This tutorial will show how to implement Periodic boundary conditions (where particles that leave the domain on one side enter again on the other side) can be implemented in Parcels
The idea in Parcels is to do two things:
1) Extend the fieldset with a small 'halo'
2) Add a periodic boundary kernel to the
We'll start by importing the relevant modules
from parcels import FieldSet, ParticleSet, JITParticle, plotTrajectoriesFile from parcels import AdvectionRK4 from datetime import timedelta as delta import math
We import the Peninsula fieldset; note that we need to set
allow_time_extrapolation because the Peninsula fieldset has only one time snapshot.
fieldset = FieldSet.from_parcels('Peninsula_data/peninsula', allow_time_extrapolation=True)
Extending the fieldset with a halo is very simply done using the
add_periodic_halo() method. Halos can be added either in the zonal direction, the meridional direction, or both, by setting
But before we apply the halo, we first define two new fieldset constants
halo_west. They store the original zonal extend of the grid (so before adding the halo) and will be used later in the
Note that some hydrodynamic data, such as the global ORCA grid used in NEMO, already has a halo. In these cases, do not extent the fieldset with the halo but only add the periodic boundary kernel, where you use the explicit values for halo_east and halo_west
fieldset.add_constant('halo_west', fieldset.U.grid.lon) fieldset.add_constant('halo_east', fieldset.U.grid.lon[-1]) fieldset.add_periodic_halo(zonal=True)
The other item we need is a custom Kernel that can move the particle from one side of the domain to the other.
def periodicBC(particle, fieldset, time, dt): if particle.lon < fieldset.halo_west: particle.lon += fieldset.halo_east - fieldset.halo_west elif particle.lon > fieldset.halo_east: particle.lon -= fieldset.halo_east - fieldset.halo_west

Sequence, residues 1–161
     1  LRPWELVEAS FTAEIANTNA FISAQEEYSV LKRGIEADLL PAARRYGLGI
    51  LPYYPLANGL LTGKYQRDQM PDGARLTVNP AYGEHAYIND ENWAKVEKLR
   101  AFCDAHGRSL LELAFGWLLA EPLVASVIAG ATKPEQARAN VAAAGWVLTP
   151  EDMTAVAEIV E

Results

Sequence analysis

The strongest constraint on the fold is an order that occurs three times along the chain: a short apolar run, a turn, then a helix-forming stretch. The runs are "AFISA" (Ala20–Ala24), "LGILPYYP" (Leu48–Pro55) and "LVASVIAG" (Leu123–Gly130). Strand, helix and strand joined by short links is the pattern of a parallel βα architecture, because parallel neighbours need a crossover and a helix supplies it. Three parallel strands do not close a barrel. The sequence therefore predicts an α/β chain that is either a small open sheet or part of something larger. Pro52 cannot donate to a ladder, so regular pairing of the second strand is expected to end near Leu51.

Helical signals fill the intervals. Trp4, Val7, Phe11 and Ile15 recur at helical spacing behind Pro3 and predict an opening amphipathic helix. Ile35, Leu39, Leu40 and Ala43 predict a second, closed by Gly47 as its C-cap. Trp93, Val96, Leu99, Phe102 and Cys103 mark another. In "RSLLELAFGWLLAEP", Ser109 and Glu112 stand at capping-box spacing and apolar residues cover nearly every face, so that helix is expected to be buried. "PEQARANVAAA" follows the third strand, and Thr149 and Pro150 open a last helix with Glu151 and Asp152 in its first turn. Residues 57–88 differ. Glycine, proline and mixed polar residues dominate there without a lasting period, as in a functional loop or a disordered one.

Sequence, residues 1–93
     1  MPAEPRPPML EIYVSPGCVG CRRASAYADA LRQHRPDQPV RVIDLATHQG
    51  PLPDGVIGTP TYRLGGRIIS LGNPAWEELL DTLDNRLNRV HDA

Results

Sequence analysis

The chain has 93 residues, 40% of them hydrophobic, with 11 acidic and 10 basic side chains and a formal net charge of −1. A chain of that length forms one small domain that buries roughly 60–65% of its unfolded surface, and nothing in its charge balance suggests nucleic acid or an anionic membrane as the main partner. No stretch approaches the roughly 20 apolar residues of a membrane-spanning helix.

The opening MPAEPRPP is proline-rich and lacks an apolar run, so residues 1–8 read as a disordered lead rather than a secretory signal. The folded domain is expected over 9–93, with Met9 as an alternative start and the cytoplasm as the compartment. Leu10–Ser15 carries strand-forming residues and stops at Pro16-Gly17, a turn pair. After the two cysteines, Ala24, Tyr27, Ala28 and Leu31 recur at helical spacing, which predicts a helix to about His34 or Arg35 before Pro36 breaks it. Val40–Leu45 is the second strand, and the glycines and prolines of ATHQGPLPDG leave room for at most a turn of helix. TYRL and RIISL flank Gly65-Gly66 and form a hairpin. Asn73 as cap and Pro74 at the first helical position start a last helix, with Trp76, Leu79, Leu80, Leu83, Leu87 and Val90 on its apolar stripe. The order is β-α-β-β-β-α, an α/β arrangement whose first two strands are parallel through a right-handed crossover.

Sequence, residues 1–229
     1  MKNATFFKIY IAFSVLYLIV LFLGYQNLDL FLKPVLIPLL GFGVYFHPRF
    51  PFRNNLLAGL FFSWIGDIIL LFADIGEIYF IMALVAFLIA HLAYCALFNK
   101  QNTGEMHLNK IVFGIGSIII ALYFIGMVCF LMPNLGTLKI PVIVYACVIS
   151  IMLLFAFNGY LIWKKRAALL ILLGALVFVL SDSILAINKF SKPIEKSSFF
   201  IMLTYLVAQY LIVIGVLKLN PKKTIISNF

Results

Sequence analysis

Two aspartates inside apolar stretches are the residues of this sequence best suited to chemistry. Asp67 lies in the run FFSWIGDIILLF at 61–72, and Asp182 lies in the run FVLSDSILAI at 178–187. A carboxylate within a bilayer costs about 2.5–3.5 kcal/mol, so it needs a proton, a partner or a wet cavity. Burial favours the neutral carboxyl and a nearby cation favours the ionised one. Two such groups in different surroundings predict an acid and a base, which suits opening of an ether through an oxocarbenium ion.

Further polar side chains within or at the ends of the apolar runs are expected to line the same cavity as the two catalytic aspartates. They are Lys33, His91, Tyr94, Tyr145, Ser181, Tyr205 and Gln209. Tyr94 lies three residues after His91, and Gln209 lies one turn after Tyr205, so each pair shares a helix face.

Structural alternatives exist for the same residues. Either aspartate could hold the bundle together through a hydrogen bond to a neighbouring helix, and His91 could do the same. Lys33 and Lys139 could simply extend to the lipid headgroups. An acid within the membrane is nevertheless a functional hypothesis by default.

Now define a particle set and execute it as usual
pset = ParticleSet.from_line(fieldset, pclass=JITParticle, size=10, start=(0.7, 0.1), finish=(0.7, 0.4)) output_file = pset.ParticleFile(name="PeriodicParticle", outputdt=delta(hours=1)) pset.execute(AdvectionRK4 + pset.Kernel(periodicBC), runtime=delta(hours=24), dt=delta(minutes=5), output_file=output_file)
Compiled JITParticleAdvectionRK4periodicBC ==> /var/folders/r2/8593q8z93kd7t4j9kbb_f7p00000gn/T/parcels-501/e314053eec65b2ef80b5495b2134f745.so
And finally plot the particle trajectories
We can see that the particles start at 0.7E, move eastward, and once they hit the boundary at 0.895428E, they jump to the other side of the domain (the horizontal lines). So we have periodic boundary conditions!
As a note, one may ask why we need the halo. Why can't we use simply the
PeriodicBC kernel? This is because, if the particle is close to the edge of the fieldset (but still in it),
AdvectionRK4 will need to interpolate velocities that may lay outside the fieldset domain. With the halo, we make sure
AdvectionRK4 can access these values.